Where sneakers are made from algae

Sustainable Development

Home to a thriving bioeconomy and rapid advances in green hydrogen, Saxony-Anhalt is showing the world what true sustainability looks like

The German state of Saxony-Anhalt is well and truly becoming a beacon of sustainable commerce. And there are many reasons for this, not least the unique base from which future technologies can build. There is a chemical industry that stretches back over a 100 years, agricultural resources, well-developed plants for generating the renewable electricity that accounts for around 60% of the state’s energy mix, and a unique concentration of universities and research institutions. Last but not least, the phasing out of coal and the structural changes in central Germany make it possible to think modern, to implement innovation in the state, and to generate sustainable economic growth.

Prime conditions for innovation

One of the sectors already developed is the bioeconomy – in which Saxony-Anhalt is the top of all federal states with 16.4% of industrial turnover generated by the sector. “Saxony-Anhalt is reinventing itself and the bioeconomy plays a major role in this, because it can build on the state’s optimal framework for innovation,” says Thomas Einsfelder, Managing Director of Investment and Marketing Corporation Saxony-Anhalt
mbH (IMG) – the agency responsible for promoting business in the state.

The agriculture sector contributes significantly to the state’s bioeconomy, the soil is extremely fertile, and agricultural research facilities are trying out new crop management methods. In addition, several companies are developing herbal medicines and future foods, as well as manufacturing innovative products that replace fossil resources. For example, in Leuna in the south of Saxony-Anhalt, the Bioeconomy Cluster together with the Fraunhofer Center for Chemical-Biotechnological Processes CBP has launched the BioEconomy Hub, a technology and service centre that will accompany young startups on their journey from idea to a market-ready product. Making the value chain sustainable right from the start IMG is especially proud that in 2020 Finnish group UPM established a base in the Leuna Chemical Park. The company is investing €550m in a biorefinery in which 220,000 tonnes of biochemicals will be produced annually from sustainably harvested wood. Their products are used for plastics, cosmetics, detergents, or rubber and replace substances produced using fossil resources. In particular, UPM was keen to capitalise on the sales opportunities that will arise from Saxony-Anhalt’s established chemical industry, and also the potential of being powered by green electricity in the region. For companies already present in Saxony-Anhalt, UPM offers an opportunity to make their products sustainable right from the start of the value chain.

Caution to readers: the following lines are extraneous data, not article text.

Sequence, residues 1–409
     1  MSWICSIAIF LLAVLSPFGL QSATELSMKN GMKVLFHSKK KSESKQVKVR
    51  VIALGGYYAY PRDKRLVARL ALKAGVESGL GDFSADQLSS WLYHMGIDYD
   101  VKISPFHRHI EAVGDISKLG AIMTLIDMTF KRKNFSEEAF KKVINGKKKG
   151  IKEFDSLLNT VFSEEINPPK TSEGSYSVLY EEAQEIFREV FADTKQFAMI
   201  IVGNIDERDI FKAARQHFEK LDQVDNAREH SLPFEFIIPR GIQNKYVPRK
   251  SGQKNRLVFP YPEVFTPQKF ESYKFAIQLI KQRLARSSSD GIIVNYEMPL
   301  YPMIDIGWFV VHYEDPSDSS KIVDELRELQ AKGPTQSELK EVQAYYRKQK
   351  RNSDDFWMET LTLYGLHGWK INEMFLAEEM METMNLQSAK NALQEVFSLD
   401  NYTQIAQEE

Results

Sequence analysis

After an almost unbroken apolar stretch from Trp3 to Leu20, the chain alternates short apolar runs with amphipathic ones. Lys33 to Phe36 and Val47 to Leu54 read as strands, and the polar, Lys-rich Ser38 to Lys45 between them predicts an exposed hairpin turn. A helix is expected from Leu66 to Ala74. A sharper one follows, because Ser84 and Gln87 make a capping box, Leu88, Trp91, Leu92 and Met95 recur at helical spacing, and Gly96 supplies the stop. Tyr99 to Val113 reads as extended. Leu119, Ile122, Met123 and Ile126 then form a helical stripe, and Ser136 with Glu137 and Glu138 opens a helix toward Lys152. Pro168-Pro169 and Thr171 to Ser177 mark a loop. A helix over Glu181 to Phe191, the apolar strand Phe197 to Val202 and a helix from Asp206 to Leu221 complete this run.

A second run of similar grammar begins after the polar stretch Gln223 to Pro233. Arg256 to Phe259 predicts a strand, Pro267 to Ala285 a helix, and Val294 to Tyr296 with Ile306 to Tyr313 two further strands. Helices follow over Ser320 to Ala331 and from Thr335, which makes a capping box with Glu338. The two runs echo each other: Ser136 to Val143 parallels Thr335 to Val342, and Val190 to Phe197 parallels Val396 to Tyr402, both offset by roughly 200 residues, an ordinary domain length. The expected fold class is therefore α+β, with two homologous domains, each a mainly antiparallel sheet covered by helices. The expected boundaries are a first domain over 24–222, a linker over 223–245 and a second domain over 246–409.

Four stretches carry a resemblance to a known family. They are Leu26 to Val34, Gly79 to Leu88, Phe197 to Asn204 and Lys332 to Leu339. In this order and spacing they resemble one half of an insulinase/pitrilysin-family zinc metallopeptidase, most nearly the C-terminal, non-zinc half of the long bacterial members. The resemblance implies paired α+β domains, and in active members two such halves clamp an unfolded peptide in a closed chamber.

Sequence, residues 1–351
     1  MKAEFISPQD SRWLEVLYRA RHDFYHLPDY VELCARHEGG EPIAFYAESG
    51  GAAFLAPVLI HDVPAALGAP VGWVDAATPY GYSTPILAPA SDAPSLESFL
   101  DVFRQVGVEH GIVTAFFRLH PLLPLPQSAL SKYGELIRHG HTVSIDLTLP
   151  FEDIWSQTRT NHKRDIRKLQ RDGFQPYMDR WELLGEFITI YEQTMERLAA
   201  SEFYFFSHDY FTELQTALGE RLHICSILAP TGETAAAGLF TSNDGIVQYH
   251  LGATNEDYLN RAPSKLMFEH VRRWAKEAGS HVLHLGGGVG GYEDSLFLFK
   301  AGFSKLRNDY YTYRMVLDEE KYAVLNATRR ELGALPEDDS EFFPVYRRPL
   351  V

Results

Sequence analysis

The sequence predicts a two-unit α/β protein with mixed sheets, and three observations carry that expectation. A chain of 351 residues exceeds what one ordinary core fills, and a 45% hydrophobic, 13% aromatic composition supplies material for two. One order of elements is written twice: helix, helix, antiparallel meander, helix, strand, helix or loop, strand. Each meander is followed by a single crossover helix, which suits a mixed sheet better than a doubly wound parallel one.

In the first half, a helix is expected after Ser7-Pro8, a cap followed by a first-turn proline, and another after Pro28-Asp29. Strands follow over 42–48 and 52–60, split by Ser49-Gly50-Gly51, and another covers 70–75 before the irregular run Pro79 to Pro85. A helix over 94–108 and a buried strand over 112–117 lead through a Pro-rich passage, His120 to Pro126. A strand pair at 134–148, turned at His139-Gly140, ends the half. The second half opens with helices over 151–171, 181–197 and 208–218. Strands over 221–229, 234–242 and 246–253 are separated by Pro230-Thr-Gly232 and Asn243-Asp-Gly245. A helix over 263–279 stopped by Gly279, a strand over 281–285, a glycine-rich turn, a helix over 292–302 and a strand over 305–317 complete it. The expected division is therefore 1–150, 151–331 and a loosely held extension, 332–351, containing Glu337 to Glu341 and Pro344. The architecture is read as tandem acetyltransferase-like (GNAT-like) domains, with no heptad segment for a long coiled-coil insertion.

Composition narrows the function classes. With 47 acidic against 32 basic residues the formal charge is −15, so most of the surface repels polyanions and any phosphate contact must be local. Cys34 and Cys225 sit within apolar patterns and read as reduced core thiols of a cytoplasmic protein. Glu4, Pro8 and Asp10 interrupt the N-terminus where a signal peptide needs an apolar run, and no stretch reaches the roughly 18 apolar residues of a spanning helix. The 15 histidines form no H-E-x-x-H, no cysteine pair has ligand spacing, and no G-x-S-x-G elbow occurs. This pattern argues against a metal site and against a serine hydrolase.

Green hydrogen as a key technology

An important element to creating the sustainable business destinations of tomorrow is the potential to produce green hydrogen. As Dr Christof Günther, Managing Director of the infrastructure company InfraLeuna GmbH, explains: “Supplying the second longest hydrogen-pipeline system in Central Europe, Leuna is the centre of hydrogen production in the region. Our customer Linde GmbH will commissionthe world’s largest PEM electrolyser for the production of green hydrogen this summer. In addition, the Fraunhofer-Gesellschaft operates its ‘green hydrogen lab’ on site and is going to concentrate its hydrogen competencies here in Leuna. With a new 45 MW solar energy plant, InfraLeuna will provide green electricity for further growth in green hydrogen. Our customers already have big plans.”

Green understanding

Completely different, but also green, is algae. A worldclass competence centre is located in the Anhalt University of Applied Sciences in Köthen, where a group led by Prof. Dr. Carola Griehl has been involved in biotech research on various types of algae for over 20 years. “We want to obtain active ingredients for nutrition, medicine and cosmetics and also explore its versatility as renewable energy sources,” she says. The variety of possible products is huge, and the first sneakers made of algae plastic are already on the market. Networking with partners in the region is essential to Griehl, for example with the newly created centre for natural-substance-based therapeutics at the university. There is also a cooperation with Roquette Klötze in the Altmark to cultivate vitamin-rich chlorella microalgae in industrial size photobioreactors – the eventual product is a popular and nutritious food supplement. The unique selling point of algae research at the Anhalt University of Applied Sciences is on the brink of attracting the first overseas company to Saxony- Anhalt, AlgaeCytes Ltd. from the UK, which has plans to set up in Dessau where the world’s first algae biorefinery plant is to be built. As part of a worldwide search for a location, Dessau prevailed because microalgae technology is an important part of the state’s regional innovation strategy. Also, the excellent infrastructure guaranteed proximity to R&D was a huge attraction. These, and many more besides, are examples of the research institutions, startups and international companies that come together in Saxony-Anhalt to pioneer a new sustainable future for Germany, Europe and the world.